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But we forget at our peril that, through most of their history, these have been not books, to be appreciated, but truths, to be obeyed. By searching around for the good bits, we read past the point, and past their point of view: intending to honor the texts by humanizing them, we insult them by aestheticizing them. But Alter has, like Dr. Johnson with his dictionary, tackled the job on his own. The accomplishment, two decades in the making, is almost absurdly impressive. One wants to call it titanic or Olympian or even heroic, but those are the wrong words—pagan words.
In undertaking his translation, Alter recognized that he had a terrific problem.
With Homer, we expect and get a fine new translation with each poetic period—George Chapman for the Elizabethan, Alexander Pope for the Augustan, Robert Fagles and Emily Wilson for our time—but with the Hebrew Bible in English we have one huge, unsurpassable masterpiece. The King James Version was entangled, root and branch, with the art of Shakespeare and Donne and Herbert and the other poets of the greatest age of English verse; it drew on common practices of prosody already in place, even as it inflected all subsequent practice.
Alter wanted his translation to echo our own great age of English prose. Joyce and Hemingway are in it, certainly, but he also mentions Philip Roth and Ian McEwan and Saul Bellow and Margaret Atwood —all of them, inevitably, influenced, if at a distance, by the sounds of the Bible.
So Alter wanted his Bible to be estranged and idiomatic, ancient-seeming and modern-sounding, clearly coming from elsewhere but alive to us now, and all at once. Alter met his terrific challenge with terrific taste. But parataxis can be defended on aesthetics alone. Alter believes in poetic parataxis, not pious parataxis. The volumes, it must be said, are laid out in a slightly daunting way, with minimal line and paragraph breaks among the parts. This is in keeping with the Hebrew original, but in places—particularly in Proverbs, where one wants a breath between what are clearly independent thoughts—it can be headache-inducing.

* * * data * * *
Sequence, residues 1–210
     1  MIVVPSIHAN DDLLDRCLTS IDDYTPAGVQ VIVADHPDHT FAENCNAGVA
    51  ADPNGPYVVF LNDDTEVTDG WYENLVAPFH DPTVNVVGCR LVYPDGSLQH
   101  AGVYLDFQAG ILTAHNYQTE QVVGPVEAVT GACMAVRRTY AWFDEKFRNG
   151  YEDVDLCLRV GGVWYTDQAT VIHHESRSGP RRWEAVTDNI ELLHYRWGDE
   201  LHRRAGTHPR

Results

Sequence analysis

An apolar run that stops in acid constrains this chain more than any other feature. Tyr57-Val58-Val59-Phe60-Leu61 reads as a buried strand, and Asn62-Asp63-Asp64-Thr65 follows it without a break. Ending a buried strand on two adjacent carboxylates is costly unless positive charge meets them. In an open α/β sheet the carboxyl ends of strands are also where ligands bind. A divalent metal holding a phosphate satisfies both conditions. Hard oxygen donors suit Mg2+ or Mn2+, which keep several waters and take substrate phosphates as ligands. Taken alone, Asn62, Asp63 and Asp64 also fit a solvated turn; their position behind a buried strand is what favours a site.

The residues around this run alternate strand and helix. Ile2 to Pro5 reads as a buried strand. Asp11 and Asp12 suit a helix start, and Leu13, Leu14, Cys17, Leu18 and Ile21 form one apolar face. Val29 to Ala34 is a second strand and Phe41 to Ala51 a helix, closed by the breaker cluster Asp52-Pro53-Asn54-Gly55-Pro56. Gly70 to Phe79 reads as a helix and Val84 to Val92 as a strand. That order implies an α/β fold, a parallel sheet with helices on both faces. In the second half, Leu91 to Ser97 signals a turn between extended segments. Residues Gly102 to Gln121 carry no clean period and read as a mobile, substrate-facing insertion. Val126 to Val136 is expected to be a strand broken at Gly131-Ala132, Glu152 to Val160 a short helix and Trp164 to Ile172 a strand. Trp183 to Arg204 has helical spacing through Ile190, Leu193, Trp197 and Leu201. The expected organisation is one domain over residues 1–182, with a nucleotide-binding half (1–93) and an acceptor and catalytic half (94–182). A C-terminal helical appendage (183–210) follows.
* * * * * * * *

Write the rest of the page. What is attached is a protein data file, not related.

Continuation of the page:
Still, one turns the pages eagerly, looking for the good parts and, yes, for the naughty bits, too. The tests of a Biblical translation are like the tests of a Shakespearean actor. With the Bible, we want, above all, to see how the translator will handle the set-piece poems we know—from the Psalms and the Song of Songs—along with the Book of Job and the early chapters of Genesis.
Some of his work in Proverbs clearly surpasses the King James Version. Where the K. How she sits alone, the city once great with people. She has become like a widow. Great among nations, mistress among provinces, reduced to forced labor. She weeps on through the night, and her tears are on her cheek. She has no consoler from all her lovers.
Yet, as English poetry, the K. Its version of Psalm 22, the sorrowing that will be echoed by Jesus in the Gospel of Mark, begins:. My God, my God, why hast thou forsaken me? O my God, I cry in the daytime, but thou hearest not; and in the night season, and am not silent. My god, my god, why have You forsaken me? Far from my rescue are the words that I roar.
Chicago Tribune Article About Alexander Scourby
My God, I call out by day and You do not answer, by night—no stillness for me. Although English has, in the centuries since the K. The phrase is more strange than beautiful. Alter renders perhaps the most famous poetic lines in English with an admirable deference to the K. The L ord is my shepherd, I shall not want. In grass meadows He makes me lie down, by quiet waters guides me. My life He brings back.
Your eyes are doves through the screen of your tresses. Your hair is like a herd of goats that have swept down from Mount Gilead. Your teeth like a flock of matched ewes that have come up from the washing, all of them alike, and none has lost its young.
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